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Publication numberUS3684424 A
Publication typeGrant
Publication dateAug 15, 1972
Filing dateMar 31, 1971
Priority dateMar 31, 1971
Publication numberUS 3684424 A, US 3684424A, US-A-3684424, US3684424 A, US3684424A
InventorsGoodnight Hershel, Reed Robert D, Zink John Smith
Original AssigneeGoodnight Hershel, Zink John Smith, Reed Robert D
Export CitationBiBTeX, EndNote, RefMan
External Links: USPTO, USPTO Assignment, Espacenet
Noiseless radiant wall burner
US 3684424 A
Abstract
This invention describes an improved gas burner assembly, in which the entire burner assembly is enclosed in a housing which is supported from a flat plate, which is mounted to the steel outer wall of the furnace. The plate is spaced from the furnace to provide entry of air to the burner. The air flows radially along the outer wall of the furnace, cooling the wall, and then into the primary and secondary air inlets of the burner. The housing serves to contain and dampen the high noise level of the burner created by the high speed flow of gas through the nozzle. The noise can still further be reduced by lining the inside of the housing with acoustic insulation. This improved construction can be applied to any type of gas burner.
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United States Patent Zink et al.

[54] NOISELESS RADIANT WALL BURNER [72] Inventors: John Smith link, 1338 E. 43rd St.; Hershel Goodnight, 1349 E. 44th St.; Robert D. Reed, 4339 S. Peoria, all of Tulsa, Okla. 74105 22 Filed: Mai-ch31, 1971 21 Appl.No.: 129,768

[52] US. Cl. ..431/114, 431/167, 431/347, 431/353 [51] Int. Cl. ..F23c 7/04 [58] Field of Search ..431/114, 167, 166, 181, 353, 431/347 [56] References Cited UNITED STATES PATENTS 1,082,576 12/1913 White et a1. ..431/167 2,054,162 9/1936 Macrae ..431/167 2,956,622 10/1960 Druseikis ..l ..431/181 [151 3,684,424 14 1 Aug. 15, 1972 2,964,121 12/1960 Zinketal ..431/114X Primary Examiner-Edward G. Favors Attorney-Head & Johnson [57] ABSTRACT This invention describes an improved gas burner assemblyfin which the entire bumer assembly is enclosed in a housing which is supported from a flat plate, which is mounted to the steel outer wall of the furnace. The plate is spaced from the furnace to provide entry of air to the burner. The air flows radially along the outer wall of the furnace, cooling the wall, and then into the primary and secondary air inlets of the burner. The housing serves to contain and dampen the high noise level of the burner created by the high speed flow of gas through the nozzle. The noise can still further be reduced by lining the inside of the housing with acoustic insulation. This improved construction can be applied to any type of gas burner.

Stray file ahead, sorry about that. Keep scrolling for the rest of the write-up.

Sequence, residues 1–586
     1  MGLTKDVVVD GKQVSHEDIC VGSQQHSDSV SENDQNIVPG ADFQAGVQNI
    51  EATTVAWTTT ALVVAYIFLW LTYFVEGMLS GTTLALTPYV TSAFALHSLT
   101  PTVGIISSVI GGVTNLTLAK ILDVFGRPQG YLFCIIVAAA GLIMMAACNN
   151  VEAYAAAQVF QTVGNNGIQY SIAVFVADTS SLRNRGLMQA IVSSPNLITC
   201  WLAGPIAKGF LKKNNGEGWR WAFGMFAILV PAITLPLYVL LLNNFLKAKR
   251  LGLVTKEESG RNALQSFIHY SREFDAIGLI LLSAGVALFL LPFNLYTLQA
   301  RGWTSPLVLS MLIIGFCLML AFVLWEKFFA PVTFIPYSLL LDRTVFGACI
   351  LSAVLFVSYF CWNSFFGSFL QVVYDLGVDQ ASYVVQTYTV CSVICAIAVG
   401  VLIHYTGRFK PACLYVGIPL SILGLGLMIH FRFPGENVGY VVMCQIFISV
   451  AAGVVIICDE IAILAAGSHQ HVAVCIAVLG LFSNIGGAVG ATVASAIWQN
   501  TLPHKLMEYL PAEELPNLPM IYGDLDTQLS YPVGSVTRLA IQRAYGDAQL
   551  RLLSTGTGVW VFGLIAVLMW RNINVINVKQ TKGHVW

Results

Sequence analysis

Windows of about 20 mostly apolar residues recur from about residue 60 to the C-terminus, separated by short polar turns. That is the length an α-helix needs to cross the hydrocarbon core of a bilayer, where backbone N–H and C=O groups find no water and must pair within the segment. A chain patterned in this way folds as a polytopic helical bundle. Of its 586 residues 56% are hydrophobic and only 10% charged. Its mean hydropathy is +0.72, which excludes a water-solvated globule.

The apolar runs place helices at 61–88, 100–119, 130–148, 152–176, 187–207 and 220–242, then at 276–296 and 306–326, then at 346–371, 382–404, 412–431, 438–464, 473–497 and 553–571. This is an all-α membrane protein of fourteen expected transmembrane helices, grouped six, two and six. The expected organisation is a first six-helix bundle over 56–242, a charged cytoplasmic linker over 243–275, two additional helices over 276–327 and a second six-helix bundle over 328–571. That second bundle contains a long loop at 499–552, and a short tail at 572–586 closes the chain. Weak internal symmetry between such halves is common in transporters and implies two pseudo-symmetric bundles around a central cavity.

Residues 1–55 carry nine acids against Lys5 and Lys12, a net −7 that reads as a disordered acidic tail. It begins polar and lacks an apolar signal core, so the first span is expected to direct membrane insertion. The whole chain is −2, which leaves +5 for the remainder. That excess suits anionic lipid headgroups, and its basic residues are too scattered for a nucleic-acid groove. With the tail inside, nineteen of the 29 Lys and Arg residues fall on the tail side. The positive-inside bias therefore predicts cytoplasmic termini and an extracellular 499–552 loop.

7 Claims, 6 Drawing figures PAIENTEDAUG 15 I972 3 6 44 SHEET 1 (1F 2 INVENTORS JOHN SMITH Z INK HERSHEL GOODNIGHT BY ROBERT D. REED K Mdfm ATTORNEYS PATENTEDAus 1 5 I972 SHEET 2 [IF 2 FIG. 3

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fiwd am ATTORNEYS NOISELESS RADIANT WALL BURNER CROSS REFERENCE TO RELATED PATENT The subject matter of our US. Pat. No. 2,667,216 titled Radiant Gas Burner Assembly is of interest to this application.

BACKGROUND OF THE INVENTION 1. Field of the Invention This invention is related to the field of large-volume gas burner assemblies for furnaces, such as described in our US Pat. No. 2,667,216. It is particularly related to gas burner assemblies and furnaces in which the gas flow creates a high noise level, and in which the temperature of the outer wall of the furnace is undesirably high.